New leader of Orthodox Church in America is UC Santa Cruz graduate

Author: J.M. Brown
Date Published: 11/13/2008
Bishop Jonah Paffhausen
Bishop Jonah Paffhausen

SANTA CRUZ – A UC Santa Cruz graduate has been named archbishop of the Orthodox Church in America and Canada.

Bishop Jonah Paffhausen, who graduated from UCSC after founding an Orthodox Christian Fellowship on campus, was named Wednesday to the top post at the 15th All-American Council of the Orthodox Church in Pittsburgh. After he is installed by the Holy Synod of Bishops at St. Nicholas Cathedral in Washington next month, he will oversee an American church membership of at least 500,000.

Longtime friends from Santa Cruz County said the 49-year-old bishop has the ability and humility to serve the entire church, which means ironing out a well-publicized financial scandal involving misuse of church funds and bridging gaps between various sectors of the orthodox faith, including the Greek, Arab and Russian Orthodox churches.

“His election points to a very strong determination to change the way things have been done in the past,” the Rev. Mel Webber, the pastor of Prophet Elias Greek Orthodox Church in Santa Cruz for 11 years, said in a phone interview from Pittsburgh Thursday. “He’s got the skills to become one of the most enlightened leaders this church has seen in a long time.”

Paffhausen had been serving in a monastery he founded near Redding when, in recent months, he was elevated to bishop and transferred to Texas. He was consecrated as the bishop of Fort Worth and auxiliary bishop of the Diocese of the South on Nov. 1 before being selected


to lead the church.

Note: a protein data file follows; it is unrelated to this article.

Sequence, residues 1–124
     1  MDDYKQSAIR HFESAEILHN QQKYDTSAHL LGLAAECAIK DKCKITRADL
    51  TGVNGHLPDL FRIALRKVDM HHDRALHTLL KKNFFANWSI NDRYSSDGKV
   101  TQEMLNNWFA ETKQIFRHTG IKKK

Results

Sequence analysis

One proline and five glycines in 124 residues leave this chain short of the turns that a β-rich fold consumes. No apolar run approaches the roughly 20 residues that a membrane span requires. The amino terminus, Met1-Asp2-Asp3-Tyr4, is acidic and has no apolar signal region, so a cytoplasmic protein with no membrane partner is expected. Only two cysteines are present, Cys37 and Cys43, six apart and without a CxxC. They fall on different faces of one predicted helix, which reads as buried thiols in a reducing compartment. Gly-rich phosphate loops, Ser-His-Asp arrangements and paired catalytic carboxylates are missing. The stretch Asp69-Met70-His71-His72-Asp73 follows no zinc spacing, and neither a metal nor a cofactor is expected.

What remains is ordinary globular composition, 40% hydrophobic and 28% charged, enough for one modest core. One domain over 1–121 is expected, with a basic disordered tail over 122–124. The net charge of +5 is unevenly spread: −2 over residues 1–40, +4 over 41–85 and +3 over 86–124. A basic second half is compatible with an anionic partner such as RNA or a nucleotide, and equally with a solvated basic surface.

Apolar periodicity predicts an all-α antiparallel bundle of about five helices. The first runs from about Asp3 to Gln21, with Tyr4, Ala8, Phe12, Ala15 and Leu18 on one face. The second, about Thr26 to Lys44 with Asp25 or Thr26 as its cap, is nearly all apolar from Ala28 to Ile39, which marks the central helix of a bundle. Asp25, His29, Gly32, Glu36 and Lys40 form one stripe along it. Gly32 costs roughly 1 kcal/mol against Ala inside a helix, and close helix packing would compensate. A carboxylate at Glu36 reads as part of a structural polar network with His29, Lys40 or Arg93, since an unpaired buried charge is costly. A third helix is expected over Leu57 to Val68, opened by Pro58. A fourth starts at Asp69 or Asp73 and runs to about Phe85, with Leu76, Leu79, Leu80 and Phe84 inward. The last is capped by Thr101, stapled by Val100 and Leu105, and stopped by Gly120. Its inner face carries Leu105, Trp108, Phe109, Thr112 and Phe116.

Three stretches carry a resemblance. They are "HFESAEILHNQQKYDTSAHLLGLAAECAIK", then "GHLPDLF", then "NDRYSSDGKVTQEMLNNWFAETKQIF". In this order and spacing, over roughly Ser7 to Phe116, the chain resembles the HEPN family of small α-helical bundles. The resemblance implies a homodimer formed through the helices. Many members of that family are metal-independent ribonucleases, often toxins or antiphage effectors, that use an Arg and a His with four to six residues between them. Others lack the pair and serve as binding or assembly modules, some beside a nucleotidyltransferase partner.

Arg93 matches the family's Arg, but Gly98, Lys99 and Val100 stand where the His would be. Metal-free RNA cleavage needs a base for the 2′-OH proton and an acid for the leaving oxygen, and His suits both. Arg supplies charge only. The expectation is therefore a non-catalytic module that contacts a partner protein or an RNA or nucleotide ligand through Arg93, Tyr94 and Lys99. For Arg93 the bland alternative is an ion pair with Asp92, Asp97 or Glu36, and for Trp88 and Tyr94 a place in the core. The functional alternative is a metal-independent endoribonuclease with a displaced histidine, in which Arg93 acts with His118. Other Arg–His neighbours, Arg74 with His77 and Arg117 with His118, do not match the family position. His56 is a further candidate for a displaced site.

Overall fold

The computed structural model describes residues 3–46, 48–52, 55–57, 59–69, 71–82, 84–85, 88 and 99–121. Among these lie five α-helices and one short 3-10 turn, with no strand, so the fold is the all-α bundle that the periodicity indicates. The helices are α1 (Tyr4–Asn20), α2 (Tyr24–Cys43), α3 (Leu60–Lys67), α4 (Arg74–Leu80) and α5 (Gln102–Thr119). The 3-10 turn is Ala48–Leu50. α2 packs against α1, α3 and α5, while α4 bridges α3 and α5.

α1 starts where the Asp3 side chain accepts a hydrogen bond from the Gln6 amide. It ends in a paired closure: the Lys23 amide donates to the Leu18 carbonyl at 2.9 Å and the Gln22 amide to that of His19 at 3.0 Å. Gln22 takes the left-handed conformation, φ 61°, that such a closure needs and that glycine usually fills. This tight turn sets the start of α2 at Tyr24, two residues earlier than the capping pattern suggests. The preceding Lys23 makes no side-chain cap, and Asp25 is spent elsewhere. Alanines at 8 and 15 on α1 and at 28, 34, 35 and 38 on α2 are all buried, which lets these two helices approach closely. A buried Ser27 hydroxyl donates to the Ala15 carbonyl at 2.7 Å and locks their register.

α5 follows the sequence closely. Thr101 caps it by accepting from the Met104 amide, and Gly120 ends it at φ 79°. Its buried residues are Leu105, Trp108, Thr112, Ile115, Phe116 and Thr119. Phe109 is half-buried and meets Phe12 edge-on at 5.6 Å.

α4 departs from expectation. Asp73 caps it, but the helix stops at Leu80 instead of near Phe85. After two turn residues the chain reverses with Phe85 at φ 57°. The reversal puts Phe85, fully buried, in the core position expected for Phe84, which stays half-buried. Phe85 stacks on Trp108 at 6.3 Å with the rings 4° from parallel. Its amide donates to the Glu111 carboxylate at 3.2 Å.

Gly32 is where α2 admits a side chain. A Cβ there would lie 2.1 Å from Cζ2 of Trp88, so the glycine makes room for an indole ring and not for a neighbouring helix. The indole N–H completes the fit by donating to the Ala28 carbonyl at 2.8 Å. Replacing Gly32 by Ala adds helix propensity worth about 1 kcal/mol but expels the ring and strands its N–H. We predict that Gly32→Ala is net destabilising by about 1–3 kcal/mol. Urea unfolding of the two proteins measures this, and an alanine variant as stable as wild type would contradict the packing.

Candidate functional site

Dan E. Nicholas, a Santa Cruz insurance and financial adviser who has known Paffhausen for many years, said Paffhausen’s job will be a challenging one, but one he will perform well because of his likability.

“I can’t think of one person who isn’t totally shocked and elated that they picked someone this young, and he is a real go-getter,” Nicholas said. “He loves young people. My kids used to go to him for counseling. He’s very approachable.”

According to the head church’s communications office, Paffhausen, whose was born with the first name of James, came to UCSC as a transfer student from UC San Diego. UCSC was not able to provide information about Paffhausen’s exact graduation date or area of study.

Paffhausen was attending the council meeting in Pittsburgh and did not immediately return an e-mail Thursday.

After growing up in the San Diego suburb of La Jolla, the Chicago native was first received into the Russian Orthodox Church in San Diego in 1979. After fully converting to orthodoxy following a talk at UCSC by orthodox icon Seraphim Rose, friends said Paffhausen had long tried to open a monastery in Santa Cruz, but could not find the right location.

Paffhausen eventually founded a monastery at Point Reyes Station that was later moved to Manton, outside Redding. After Paffhausen was sent to Forth Worth, he was replaced by Webber.

Paffhausen, whose official title will be archbishop of Washington and New York and Metropolitan of All America and Canada, earned two degrees from St. Vladimir’s Orthodox Theological Seminary in New York before working on his Ph.D. at Graduate Theological Union in Berkeley. He took a break during those studies to work in Russia, where he later joined Valaam Monastery and became a monk.

The Rev. Thaddaeus Hardenbrook, senior priest at the St. Lawrence Orthodox Christian Church in Felton, said he developed a close friendship with Paffhausen after the two visited Russia in 1994.

“The most powerful thing about Father Jonah is he is truly a friend and loving to people regardless if he agrees with them or not,” Hardenbrook said. “He has amazingly consistent vision for orthodoxy in America.”

Paffhausen, who visited the Felton church regularly, is known for tackling tough subjects like gender, sexuality and shame. As a monastic who took a vow of celibacy, “the topics he would teach on were very bold,” Hardenbrook said.

In 2006, an investigation by leaders of the Orthodox Church in America confirmed misuse of church funds dating back to 1998. The church is still reeling from the scandal, which was uncovered when a treasurer made claims that two church leaders were corrupt.

Contact J.M. Brown at 429-2410 or